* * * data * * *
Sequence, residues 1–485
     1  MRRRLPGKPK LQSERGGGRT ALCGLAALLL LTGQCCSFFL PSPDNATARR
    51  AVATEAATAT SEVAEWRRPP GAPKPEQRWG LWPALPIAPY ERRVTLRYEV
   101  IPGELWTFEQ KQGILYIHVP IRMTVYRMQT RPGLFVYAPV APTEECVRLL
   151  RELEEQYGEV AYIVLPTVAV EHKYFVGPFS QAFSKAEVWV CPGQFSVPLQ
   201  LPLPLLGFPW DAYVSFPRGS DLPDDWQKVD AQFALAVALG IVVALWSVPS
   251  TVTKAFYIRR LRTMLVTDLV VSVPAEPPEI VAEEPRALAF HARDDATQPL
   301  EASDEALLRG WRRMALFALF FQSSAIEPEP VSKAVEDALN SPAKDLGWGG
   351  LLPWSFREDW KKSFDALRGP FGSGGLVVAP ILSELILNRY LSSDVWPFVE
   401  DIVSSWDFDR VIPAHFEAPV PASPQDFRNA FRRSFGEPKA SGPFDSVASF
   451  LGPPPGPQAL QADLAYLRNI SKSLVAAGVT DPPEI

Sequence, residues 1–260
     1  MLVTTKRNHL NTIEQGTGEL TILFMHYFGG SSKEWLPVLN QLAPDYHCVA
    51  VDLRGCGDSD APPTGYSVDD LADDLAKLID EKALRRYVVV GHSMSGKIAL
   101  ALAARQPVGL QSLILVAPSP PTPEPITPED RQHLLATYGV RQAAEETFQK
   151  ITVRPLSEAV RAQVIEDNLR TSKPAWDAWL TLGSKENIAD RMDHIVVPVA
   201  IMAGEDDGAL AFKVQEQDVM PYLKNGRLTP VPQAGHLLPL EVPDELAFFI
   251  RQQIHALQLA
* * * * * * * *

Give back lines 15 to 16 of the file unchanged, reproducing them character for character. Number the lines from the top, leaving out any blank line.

   101  ALAARQPVGL QSLILVAPSP PTPEPITPED RQHLLATYGV RQAAEETFQK
   151  ITVRPLSEAV RAQVIEDNLR TSKPAWDAWL TLGSKENIAD RMDHIVVPVA